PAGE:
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December 03, 2003
Two New Real Assets Funds Attract $25 Million in Their First Two Months
    by William Baue

The Real Assets Social Leaders Fund and Social Impact Balanced Fund are off to a flying start, re-invigorating social investing in Canada.

The number of options for Canadian social investors to diversify their portfolios with mutual funds just grew. Vancouver-based Real Assets Investment Management recently launched two new Canadian socially responsible investment (SRI) retail funds, which have grown too. Investors are showing strong support for the funds, as the Social Leaders Fund and the Social Impact Balanced Fund stand at $25 million in assets after their first eight weeks of operation.

The Social Leaders Fund is a global equity portfolio of 25 to 100 of the “very best corporate citizens.”

“The Real Assets Social Leaders Fund is Canada's first example of true positive screening,” said Deb Abbey, Real Assets’ CEO and portfolio manager. “Other funds claim to do positive screening, often calling it a ‘best-of-sector’ approach, which means they screen out the worst companies on social, environmental and ethical performance measures in certain industries.”

“But ‘best-of-sector’ is really a misnomer--this approach should be called ‘worst-of-sector avoidance,’ as it's actually a kind of negative screening,” Ms. Abbey explained to “The Social Leaders Fund is the only Canadian fund that selects companies on the basis of outstanding leadership in social and/or environmental performance--and their ability to demonstrate the financial benefits of that leadership.”

Real Assets selects the “social leaders” that constitute the fund according to six criteria, including environmental sustainability, transparency and accountability, community relations in interaction with all stakeholders, and financial metrics. The fund’s top three holdings include Novo Nordisk (ticker: NVO), Nokia (NOKBF), and Church & Dwight (CHD).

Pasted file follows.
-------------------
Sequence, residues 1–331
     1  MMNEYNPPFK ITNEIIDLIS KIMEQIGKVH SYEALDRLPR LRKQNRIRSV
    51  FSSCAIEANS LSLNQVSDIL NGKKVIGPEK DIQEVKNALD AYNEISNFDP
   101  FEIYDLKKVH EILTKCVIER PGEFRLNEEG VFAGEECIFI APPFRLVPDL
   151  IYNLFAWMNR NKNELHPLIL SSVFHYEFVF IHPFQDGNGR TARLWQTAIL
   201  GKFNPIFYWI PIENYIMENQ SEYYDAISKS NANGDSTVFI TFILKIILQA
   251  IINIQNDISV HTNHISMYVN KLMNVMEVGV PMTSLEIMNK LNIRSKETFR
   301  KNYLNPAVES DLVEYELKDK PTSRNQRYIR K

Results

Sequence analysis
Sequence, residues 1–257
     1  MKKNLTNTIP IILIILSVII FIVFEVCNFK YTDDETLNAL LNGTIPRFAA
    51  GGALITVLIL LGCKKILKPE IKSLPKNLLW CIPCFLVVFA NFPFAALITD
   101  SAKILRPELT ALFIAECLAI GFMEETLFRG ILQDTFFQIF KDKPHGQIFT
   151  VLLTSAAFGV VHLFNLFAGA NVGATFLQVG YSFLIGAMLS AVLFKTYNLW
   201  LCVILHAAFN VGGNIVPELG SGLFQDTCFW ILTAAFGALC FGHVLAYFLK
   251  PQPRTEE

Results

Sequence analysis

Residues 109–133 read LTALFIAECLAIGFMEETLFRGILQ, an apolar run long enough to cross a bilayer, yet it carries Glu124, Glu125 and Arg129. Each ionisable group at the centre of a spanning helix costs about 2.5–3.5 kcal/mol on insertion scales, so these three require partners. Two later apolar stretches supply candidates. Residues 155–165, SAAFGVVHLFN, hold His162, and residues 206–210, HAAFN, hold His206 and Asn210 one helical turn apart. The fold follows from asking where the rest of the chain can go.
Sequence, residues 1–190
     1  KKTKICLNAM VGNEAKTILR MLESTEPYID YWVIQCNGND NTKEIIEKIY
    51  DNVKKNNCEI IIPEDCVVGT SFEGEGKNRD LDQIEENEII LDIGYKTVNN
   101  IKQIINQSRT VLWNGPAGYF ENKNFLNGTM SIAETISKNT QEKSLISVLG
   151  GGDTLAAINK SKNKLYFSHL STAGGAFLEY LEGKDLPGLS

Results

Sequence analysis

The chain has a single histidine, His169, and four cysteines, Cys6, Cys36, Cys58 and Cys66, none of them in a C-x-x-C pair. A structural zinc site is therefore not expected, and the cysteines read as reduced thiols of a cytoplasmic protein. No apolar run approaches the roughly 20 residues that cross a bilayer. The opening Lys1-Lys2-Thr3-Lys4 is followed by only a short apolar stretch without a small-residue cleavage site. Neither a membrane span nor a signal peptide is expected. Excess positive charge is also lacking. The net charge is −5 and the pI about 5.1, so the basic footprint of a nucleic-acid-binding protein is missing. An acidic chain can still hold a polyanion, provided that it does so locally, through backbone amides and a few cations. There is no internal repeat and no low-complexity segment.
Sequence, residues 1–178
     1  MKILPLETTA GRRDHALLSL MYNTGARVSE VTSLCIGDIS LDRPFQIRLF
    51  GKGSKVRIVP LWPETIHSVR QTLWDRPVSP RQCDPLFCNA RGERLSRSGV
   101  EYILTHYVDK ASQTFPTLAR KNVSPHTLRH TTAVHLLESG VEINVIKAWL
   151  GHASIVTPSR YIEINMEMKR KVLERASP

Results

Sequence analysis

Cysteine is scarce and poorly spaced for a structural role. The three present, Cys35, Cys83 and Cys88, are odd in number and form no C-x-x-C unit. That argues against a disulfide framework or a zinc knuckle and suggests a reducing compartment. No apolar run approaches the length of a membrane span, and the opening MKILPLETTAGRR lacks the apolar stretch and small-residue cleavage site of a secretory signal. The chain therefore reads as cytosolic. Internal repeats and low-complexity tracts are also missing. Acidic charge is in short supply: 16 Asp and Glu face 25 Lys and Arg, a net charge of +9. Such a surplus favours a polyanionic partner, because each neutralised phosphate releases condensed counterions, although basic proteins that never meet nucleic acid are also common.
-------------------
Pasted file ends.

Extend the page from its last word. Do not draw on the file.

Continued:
The Social Leaders Fund should not be confused with the same-named fund Real Assets launched in February 2002 aimed at “sophisticated investors,” a Canadian designation for high net-worth individuals.

“It has the same name but is a different fund with different investment parameters and different holdings, although obviously some are the same,” said Ms. Abbey. “We closed the original pooled fund when the regulatory environment in Canada changed, making pooled funds difficult to sell to individuals.”

The Social Impact Balanced Fund is an index-based product composed of Canadian and US stocks as well as Canadian fixed income. The Canadian equity component should match the S&P TSX Composite; the US equity component should match the S&P 500; and the Canadian fixed income returns should match the Scotia McLeod Bond Universe. The fund screens out the worst social and environmental performers in its universe, but it focuses its efforts on improving corporate practice through shareowner action.

Real Assets is introducing two new shareowner action campaigns in the 2004 proxy season. One focuses on the glass ceiling, or obstacles to women’s corporate advancement, and the other on the HIV/AIDS pandemic. Real Assets will also expand its climate change campaign while continuing with current campaigns including those addressing water scarcity, human rights, and responsible finance.

These campaigns are generating real change. Last year, for example, Real Assets co-filed shareowner resolutions that asked the five major Canadian banks to assess environmental and social risk. The filers withdrew the resolution at Canadian Imperial Bank of Commerce (BCM) in exchange for board-level dialogue.

Today, the bank announced its adoption of the Equator Principles. These principles are a voluntary set of environmental and social screening guidelines for evaluating on a global basis development projects with capital costs exceeding $50 million in all industry sectors.

“This is a major breakthrough in our responsible finance campaign,” said Ms. Abbey. “The bank also agreed to begin incorporating Global Reporting Initiative (GRI) social performance indicators in its Public Accountability Statement and its annual report, and expects to incorporate environmental performance indicators once GRI’s Financial Sector Supplement is complete.”

Bank of Nova Scotia (BNS) has also made substantive steps forward, according to Ms. Abbey. However, Real Assets has re-filed the resolution with Bank of Montreal (BMO), and is prepared to re-file with Toronto-Dominion Bank (TD) if shareowner dialogue does not result in action.


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